While some of the builders' ideas could be only an inventor away from reality, others came straight out of Fantasyland. Still, wouldn't it be nice if ...
David Capretto, president of Forbes-Capretto Homes in Getzville, N.Y., hopes someone will invent a big press to squash liability insurance costs. "One thing that has a tremendous impact on us is liability insurance," he says. "On the hundred units we closed in 2003, the insurance was almost $400,000. Then when you look at the cost of every one of our subcontractors' insurance, there must be close to $9,000 in insurance cost on our average house. It's insane!
"We used to build houses in the $150,000 range, but we can't do it anymore," Capretto adds. "Our houses start at $170,000 now. Between the extra carrying costs you get on your land projects, the extra engineering and the extra time the towns are putting you through now, and then you take all this crazy insurance stuff and put that on top of it, it hurts."
Where's Walt Disney when you need him?
Steve Wall of Choice Homes cites the need for an invention that would address a social issue affecting the industry. "For every builder, it's become very difficult to provide that affordable entry-level home," he says. "There are a lot of different aspects to that. Costs have gone up, the price of land has gone up, and you've got municipalities driving up development costs. The small house on the small lot has become a real negative with most cities, and it's become very difficult to provide that affordable home."
Maybe that situation would improve if Roland Gammon, president of White Oak Properties in Raleigh, N.C., could patent his dream invention, an energy booster for fighting municipalities. "I've been doing this for about 25 years," Gammon says, "and I think we're all born with only so much of the energy it takes to fight these mobs at public hearings. Sometimes they become so irrational for no real reason other than the sheer political blood sport of it."
Gammon, whose company builds about 100 high-end row houses and condominiums annually, also is waiting for someone to invent a device that would change multifamily housing's image in his region.
"There's this great divide among people who come and speak at zoning hearings and that sort of thing," he says. "They go to Boston one weekend and have a great time, then come home and appear and speak vocally and loudly against any kind of urbanization process. Density is an actual dirty word."
Roland Gammon isn't alone in wishing for an invention to combat government interference. David Capretto wants to invent "some magical thing to cut through the BS on the approval process on our subdivisions."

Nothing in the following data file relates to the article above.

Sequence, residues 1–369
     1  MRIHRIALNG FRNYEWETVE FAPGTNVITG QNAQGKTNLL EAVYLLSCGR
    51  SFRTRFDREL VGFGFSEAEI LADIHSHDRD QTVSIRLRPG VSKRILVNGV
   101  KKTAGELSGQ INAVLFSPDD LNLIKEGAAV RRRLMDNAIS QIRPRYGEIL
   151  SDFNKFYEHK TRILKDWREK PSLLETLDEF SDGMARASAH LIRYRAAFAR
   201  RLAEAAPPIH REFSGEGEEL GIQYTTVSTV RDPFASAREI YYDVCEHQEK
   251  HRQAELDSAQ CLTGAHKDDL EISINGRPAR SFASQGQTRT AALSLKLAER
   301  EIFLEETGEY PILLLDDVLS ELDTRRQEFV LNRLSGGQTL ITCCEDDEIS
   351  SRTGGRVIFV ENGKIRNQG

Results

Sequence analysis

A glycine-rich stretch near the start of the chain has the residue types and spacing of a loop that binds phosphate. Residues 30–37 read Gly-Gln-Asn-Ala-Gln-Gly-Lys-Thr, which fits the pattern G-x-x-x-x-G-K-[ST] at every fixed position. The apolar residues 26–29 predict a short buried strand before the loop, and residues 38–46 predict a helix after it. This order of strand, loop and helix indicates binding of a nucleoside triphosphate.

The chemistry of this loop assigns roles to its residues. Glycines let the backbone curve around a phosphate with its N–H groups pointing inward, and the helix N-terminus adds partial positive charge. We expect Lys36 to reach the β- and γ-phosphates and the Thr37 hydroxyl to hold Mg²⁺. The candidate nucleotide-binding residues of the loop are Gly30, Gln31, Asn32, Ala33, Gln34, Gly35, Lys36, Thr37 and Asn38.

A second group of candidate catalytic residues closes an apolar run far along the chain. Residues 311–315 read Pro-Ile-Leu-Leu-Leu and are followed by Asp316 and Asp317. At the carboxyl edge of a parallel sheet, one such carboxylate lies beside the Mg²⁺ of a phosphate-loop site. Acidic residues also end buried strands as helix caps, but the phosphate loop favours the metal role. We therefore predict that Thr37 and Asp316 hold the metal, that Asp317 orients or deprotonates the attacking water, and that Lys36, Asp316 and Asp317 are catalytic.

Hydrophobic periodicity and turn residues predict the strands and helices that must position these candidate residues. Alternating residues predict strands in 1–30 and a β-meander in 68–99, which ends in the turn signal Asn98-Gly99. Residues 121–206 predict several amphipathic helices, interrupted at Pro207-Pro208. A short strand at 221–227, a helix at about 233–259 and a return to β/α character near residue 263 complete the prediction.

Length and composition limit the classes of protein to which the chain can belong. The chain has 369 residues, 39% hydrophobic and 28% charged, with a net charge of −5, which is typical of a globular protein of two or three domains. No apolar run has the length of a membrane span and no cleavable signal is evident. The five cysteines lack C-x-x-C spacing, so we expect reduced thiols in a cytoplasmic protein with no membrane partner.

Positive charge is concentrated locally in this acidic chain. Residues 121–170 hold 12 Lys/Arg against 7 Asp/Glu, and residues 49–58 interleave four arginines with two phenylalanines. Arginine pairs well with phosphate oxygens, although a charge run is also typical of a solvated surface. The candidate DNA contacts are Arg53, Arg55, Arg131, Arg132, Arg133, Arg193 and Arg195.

A building code decoder would help, Capretto says. "The permit process, with the new codes that came into play, is outrageous. We had numerous starts that we couldn't get into the ground last year because the towns didn't know how to interpret the codes properly. They didn't know what they were looking for."
He tells of a municipality that told Forbes-Capretto Homes it had to build "story-and-a-half homes" in one subdivision after the builder already had invested in the street, water, sewer and other infrastructure. When asked to define a story-and-a-half home, the town didn't know how, so the two parties ended up in court. Capretto says such problems probably blocked construction of 20 homes by his company last year, although it still had a stellar year and expects another one in 2004. As this year began, Forbes-Capretto had 80% as many units on the production schedule as it closed all of last year.
Steve Wall says Choice Homes could use an invention to speed land development. "If there were some magical answer to shortening the development process, where you could wave a wand over a piece of dirt and turn that into delivered lots, that would probably be the best invention we could have for this company," he says.
One of Wall's ideas is "some sort of calendar where you could push a button on the date and that's when the lot would be available." He goes on to describe refinements the inventor might add: "You'd want to be able to dial in the correct number of lots. Weather controls would help, too."
Wall says his magic land wand could be especially important during the months ahead.
"The biggest obstacle we'll face going forward is competition for land positions," he says. "There are more players in the business. That part of it has become very competitive, and the large builders have a greater effect on that than anyone."
The attitude limiting affordable housing carries over into the entitlement process, Roland Gammon says. "Municipalities are expanding their planning process. They're adding planners. They do more long-range planning and that sort of thing. That being said, I've lost more zoning cases than I've won when I've asked for a rezoning that conformed to the long-range plans." He thinks the planning process needs a rationality serum that would inoculate it against politics. "When the political rubber meets the road, planning sort of goes out the window and politics takes over. I would like a little more rationality. Predictability and rationality."